Rob McCullough, manager of museums and heritage services for the City, is leading that task force. In a phone interview with the Other Press, McCullough said the calls to action are vague directives, and his taskforce must determine how those directives could be specifically applied in New Westminster. That might include changing or removing the Begbie statue, he said, but the process has just begun and it’s too early to say for certain.
“The Begbie statue may come up. Now, we haven’t entered into the process saying ‘we’re going to tackle the Begbie statue.’ We’ve basically entered into it with an open mind,” he said.
McCullough said the City has received some public feedback about the Begbie statue, in the Truth and Reconciliation New West report and, more recently, in e-mails from the public, so it’s likely his taskforce will explore options for the statue, but much more community consultation is necessary before the taskforce makes any recommendations about the fate of the statue to city council.
“We have had people reaching out to us around the Judge Begbie statue, some in defence and some against it, so there would need to be a fairly open and free conversation about what the potentials for it could be,” he said.
Any action the City might take in regards to the Begbie statue must be supported by one of the Calls to Action, according to McCullough, who added that he has only begun detailed study of the “Calls to Action” document. He gave the 47th Call to Action as an example of one that might support changing or removing the Begbie statue, but he said that was only hypothetical and the taskforce has yet to make a final decision. The 47th Call to Action asks all levels of government in Canada to “repudiate concepts used to justify European sovereignty over Indigenous peoples and lands.”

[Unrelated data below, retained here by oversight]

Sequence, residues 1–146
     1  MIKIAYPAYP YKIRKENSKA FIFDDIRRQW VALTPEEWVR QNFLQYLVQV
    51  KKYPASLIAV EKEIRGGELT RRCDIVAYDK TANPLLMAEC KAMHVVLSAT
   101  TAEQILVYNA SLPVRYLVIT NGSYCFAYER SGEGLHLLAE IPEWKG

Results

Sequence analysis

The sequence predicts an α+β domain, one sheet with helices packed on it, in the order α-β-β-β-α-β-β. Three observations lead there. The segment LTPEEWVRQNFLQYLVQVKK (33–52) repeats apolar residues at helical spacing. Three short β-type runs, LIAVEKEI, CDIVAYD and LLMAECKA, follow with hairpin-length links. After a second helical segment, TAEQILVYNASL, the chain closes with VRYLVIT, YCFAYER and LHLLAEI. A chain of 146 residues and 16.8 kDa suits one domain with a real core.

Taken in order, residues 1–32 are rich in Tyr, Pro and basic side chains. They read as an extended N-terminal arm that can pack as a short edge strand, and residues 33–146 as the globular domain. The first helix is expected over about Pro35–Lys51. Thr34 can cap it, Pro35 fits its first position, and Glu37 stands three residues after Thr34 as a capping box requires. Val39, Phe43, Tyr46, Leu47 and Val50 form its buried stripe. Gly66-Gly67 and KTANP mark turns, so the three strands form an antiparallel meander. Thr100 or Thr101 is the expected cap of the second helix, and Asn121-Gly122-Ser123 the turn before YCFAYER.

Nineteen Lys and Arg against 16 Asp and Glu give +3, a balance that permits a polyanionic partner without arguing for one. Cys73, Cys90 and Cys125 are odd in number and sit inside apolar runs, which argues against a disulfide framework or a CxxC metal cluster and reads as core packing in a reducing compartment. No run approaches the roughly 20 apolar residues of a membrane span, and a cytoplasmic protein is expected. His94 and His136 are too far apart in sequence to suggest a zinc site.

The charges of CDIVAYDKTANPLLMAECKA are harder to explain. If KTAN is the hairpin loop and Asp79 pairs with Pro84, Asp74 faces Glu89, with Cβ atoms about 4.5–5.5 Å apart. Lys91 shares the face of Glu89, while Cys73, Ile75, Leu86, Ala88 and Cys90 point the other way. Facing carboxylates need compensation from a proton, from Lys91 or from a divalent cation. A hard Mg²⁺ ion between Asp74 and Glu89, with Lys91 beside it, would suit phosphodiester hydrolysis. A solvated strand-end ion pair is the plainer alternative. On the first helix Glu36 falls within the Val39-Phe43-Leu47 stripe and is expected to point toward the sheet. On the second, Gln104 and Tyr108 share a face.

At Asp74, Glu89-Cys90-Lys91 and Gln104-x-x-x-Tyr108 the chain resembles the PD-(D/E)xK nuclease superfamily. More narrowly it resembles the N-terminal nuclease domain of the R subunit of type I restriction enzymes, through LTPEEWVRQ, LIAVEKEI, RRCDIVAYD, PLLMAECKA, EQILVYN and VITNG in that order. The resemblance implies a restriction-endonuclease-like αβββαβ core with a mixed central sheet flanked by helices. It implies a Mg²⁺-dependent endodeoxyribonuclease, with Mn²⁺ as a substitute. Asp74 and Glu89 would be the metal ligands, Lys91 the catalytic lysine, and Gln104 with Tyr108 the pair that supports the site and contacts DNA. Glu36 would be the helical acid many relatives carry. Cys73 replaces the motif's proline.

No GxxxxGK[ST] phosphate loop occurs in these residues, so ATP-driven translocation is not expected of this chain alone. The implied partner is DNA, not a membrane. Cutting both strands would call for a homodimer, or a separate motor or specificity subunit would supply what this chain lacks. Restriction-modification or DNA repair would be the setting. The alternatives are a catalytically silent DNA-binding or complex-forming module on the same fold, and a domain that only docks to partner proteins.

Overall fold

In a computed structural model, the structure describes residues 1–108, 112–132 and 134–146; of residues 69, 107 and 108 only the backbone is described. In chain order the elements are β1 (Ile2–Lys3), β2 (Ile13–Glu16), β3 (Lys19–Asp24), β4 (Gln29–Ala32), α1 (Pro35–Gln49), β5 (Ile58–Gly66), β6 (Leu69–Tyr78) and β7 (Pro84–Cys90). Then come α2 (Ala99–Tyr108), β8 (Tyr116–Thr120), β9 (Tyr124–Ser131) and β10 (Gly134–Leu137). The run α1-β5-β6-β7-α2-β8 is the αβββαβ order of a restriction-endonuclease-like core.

McCullough said some of the feedback the City has received by email about the Begbie statue doesn’t call for removal of the statue.
“It’s been along the lines of wanting to present a more open and balanced perspective on the Judge Begbie legacy, like maybe installing something with the statue that comprehensively interprets the situation and the environment Judge Begbie was working within, and maybe having another piece that goes alongside it, that is just as significant as the statue, to balance out the story,” he said. “That was an idea that was put forward by a community member, and by no means is it something that [the taskforce is] acting on but it was just a thought that came forward.”
Minnell doesn’t believe that removing the statue is the solution, but agrees that work towards reconciliation needs to be done in other ways.
“[Removing the Begbie statue] does not erase his role in colonizing British Columbia, nor does the removal of any statue erase any racist, colonial, or otherwise oppressive acts. Silencing the past does not reconcile the subjugation that Indigenous and otherwise racialized peoples have endured in our complicated history,” she said. “We need to elevate the truths of these encounters and work towards commemorating and celebrating Indigenous peoples in our efforts at Truth and Reconciliation. I would like to see statues celebrating Indigenous justice and activism alongside the one of Judge Begbie.”
The taskforce has a rough deadline to present recommendations to city council by the end of 2017, according to McCullough.